April 2005 Limited Articulation Top Truck Challenge DetailsPosted in Features on April 1, 2005
It all began with a simple question: "Where can we go four wheeling with some of our readers?" So we asked ourselves 12 years ago, and the result, after much fine-tuning and gnashing of teeth, became known as Top Truck Challenge. It didn't take us long to figure out that readers would probably prefer to see other readers (rather than us) in the magazine, so we quickly decided to get out of the way and turn over the spotlight to those folks-namely, folks like you-who make this magazine possible each month. We weren't sure what kind of feedback our invitation would elicit, but we hoped there might be at least a few intrepid 'wheelers who'd be willing to show off their trucks (and maybe break a few parts) for the entertainment and enlightenment of our readers.
We were overwhelmed by the response we received. That first year, we received more than 1,000 applications, which took us weeks to sift down to some 70 rigs for readers to select from. And this year, as then, we were flooded with dozens of worthy applicants, which we've whittled down to 60 elite rigs from which to choose, starting on page 34.
The first TTC was fairly tame by current standards. The Tank Trap, for instance, was successfully traversed by every single competitor; nowadays, by contrast, maybe three or four rigs at most even manage to make it halfway through. We also had an event called the Stair Step, which was little more than a 10-degree concrete slab that competitors drove up and down, and a Tire Pit, which, while entertaining to watch, proved little challenge to skilled drivers. When the votes were tallied, the first-ever winner was a Chevy-powered CJ-7 with a 3-inch lift, Model 20 rearend (!) and 33x12.50 tires. Nowadays, a rig like that would have trouble just getting voted in, let alone competing.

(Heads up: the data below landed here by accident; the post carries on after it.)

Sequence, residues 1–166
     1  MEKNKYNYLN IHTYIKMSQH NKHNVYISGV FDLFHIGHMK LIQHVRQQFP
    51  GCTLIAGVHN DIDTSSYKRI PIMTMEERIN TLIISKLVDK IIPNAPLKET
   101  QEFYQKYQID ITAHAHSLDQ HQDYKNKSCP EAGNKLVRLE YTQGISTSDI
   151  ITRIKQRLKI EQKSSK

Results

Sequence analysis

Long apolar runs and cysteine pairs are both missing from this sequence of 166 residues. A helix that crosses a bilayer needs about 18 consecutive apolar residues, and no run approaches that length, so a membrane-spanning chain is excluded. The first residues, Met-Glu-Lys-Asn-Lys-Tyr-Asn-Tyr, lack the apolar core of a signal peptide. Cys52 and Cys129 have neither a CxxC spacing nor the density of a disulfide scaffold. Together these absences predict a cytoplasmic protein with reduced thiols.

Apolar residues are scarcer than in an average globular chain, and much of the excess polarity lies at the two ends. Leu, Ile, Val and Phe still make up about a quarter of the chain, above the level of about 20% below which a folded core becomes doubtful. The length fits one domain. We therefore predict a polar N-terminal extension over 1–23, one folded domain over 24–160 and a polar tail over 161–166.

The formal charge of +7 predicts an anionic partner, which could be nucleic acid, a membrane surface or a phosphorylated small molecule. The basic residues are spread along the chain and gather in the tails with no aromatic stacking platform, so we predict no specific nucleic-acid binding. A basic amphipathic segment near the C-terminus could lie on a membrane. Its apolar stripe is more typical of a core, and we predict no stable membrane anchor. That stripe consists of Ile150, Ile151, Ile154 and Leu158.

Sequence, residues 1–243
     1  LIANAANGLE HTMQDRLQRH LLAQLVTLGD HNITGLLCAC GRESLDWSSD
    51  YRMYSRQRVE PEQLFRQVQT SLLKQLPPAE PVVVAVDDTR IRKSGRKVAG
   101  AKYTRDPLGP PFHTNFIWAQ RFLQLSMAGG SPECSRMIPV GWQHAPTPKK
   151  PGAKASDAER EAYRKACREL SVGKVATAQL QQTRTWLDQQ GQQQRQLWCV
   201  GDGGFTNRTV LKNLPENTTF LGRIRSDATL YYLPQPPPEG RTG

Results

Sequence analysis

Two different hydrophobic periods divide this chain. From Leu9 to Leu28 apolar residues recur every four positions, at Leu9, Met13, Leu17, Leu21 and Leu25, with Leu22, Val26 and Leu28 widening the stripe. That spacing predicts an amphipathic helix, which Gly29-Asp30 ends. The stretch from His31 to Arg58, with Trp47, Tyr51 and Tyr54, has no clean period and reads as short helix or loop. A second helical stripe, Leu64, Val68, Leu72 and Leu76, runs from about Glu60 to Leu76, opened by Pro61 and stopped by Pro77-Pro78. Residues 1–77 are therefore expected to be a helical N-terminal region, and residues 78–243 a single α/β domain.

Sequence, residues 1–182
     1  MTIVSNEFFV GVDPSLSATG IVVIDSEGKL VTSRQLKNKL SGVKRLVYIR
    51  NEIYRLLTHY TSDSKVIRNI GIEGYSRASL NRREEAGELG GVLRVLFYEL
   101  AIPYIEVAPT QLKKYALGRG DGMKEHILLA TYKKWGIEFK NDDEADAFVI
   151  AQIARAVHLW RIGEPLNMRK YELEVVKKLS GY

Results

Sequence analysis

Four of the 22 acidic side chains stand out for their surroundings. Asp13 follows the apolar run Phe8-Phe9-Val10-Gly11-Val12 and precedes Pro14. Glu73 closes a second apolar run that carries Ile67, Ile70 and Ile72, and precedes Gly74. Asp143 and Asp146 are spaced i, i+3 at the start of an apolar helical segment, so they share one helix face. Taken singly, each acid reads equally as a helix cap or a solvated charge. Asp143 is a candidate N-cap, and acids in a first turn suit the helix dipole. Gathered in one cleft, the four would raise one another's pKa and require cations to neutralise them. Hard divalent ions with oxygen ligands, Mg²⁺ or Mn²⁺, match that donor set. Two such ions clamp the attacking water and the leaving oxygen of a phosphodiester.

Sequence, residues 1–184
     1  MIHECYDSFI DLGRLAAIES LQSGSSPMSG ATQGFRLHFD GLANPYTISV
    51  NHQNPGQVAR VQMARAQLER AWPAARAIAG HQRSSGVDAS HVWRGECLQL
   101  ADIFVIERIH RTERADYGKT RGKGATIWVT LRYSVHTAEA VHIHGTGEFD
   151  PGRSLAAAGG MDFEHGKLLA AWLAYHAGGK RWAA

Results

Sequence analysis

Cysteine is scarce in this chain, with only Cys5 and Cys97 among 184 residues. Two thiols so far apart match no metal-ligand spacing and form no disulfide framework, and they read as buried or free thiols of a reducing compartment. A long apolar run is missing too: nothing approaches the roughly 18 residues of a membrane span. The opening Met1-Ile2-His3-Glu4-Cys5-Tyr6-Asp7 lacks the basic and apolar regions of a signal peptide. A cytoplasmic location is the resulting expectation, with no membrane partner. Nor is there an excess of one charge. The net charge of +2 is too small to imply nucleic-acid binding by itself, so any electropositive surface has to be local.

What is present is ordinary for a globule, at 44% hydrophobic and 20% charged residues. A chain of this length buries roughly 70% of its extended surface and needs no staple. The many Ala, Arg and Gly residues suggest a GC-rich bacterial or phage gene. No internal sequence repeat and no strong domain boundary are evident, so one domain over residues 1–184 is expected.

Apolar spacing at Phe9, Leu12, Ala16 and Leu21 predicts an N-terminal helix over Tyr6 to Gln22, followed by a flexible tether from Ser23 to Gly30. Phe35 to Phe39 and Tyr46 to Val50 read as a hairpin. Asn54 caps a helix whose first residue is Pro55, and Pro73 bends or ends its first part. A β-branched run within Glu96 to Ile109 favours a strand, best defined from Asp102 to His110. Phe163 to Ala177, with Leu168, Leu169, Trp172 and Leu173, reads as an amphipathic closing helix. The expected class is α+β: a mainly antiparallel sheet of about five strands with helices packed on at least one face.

Thanks to you also, the pantheon of TTC competitors has included some truly memorable characters. Some, like Tim Hardy (TTC '95), have become bonafide Trail Legends. Others, like Randy Ellis ('95) and Shannon Campbell ('96), went on to become successful 4x4 entrepreneurs and rock racers. Rick Pewe, the editor of our sister pub 4-Wheel & Off-Road, competed (and nearly won) at the inaugural event. And then there was Soni Honegger, who also competed at the first Top Truck in an 8,500-pound Dodge called the "War Wagon." While Soni struggled at TTC 1, he returned triumphantly in 1998 as a builder. His winning creation was a multilinked, tube-framed flex monster he called the "Scorpion"-a rig, it turned out, that revolutionized the sport of four wheeling.
While we always welcome colorful characters at TTC, a word of warning is in order: Hidden among this year's aspirants is a "ringer," who probably has no business being included since he's already promised to bite, pull hair, and cheat every which way if he's voted in. But wishing to start off the year in a spirit of bipartisanship, we decided to let you, dear readers, decide for yourselves whether you'd like to keep Top Truck Challenge the safe province of good sports everywhere-or play an April Fool's joke on us. It's your call. No matter how the vote comes out, we'll reveal your 10 finalists in the October issue.